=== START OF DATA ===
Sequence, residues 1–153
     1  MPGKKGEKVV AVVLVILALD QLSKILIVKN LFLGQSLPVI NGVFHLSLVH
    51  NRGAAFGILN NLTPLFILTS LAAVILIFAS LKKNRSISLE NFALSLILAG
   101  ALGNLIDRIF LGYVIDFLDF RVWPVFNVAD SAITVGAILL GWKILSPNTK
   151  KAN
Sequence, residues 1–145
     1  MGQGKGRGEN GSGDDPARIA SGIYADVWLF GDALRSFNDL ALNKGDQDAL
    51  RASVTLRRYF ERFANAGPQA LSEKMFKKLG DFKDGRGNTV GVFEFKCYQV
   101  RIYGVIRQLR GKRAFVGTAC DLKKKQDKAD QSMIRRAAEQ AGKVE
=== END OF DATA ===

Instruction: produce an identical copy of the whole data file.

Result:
Sequence, residues 1–153
     1  MPGKKGEKVV AVVLVILALD QLSKILIVKN LFLGQSLPVI NGVFHLSLVH
    51  NRGAAFGILN NLTPLFILTS LAAVILIFAS LKKNRSISLE NFALSLILAG
   101  ALGNLIDRIF LGYVIDFLDF RVWPVFNVAD SAITVGAILL GWKILSPNTK
   151  KAN
Sequence, residues 1–145
     1  MGQGKGRGEN GSGDDPARIA SGIYADVWLF GDALRSFNDL ALNKGDQDAL
    51  RASVTLRRYF ERFANAGPQA LSEKMFKKLG DFKDGRGNTV GVFEFKCYQV
   101  RIYGVIRQLR GKRAFVGTAC DLKKKQDKAD QSMIRRAAEQ AGKVE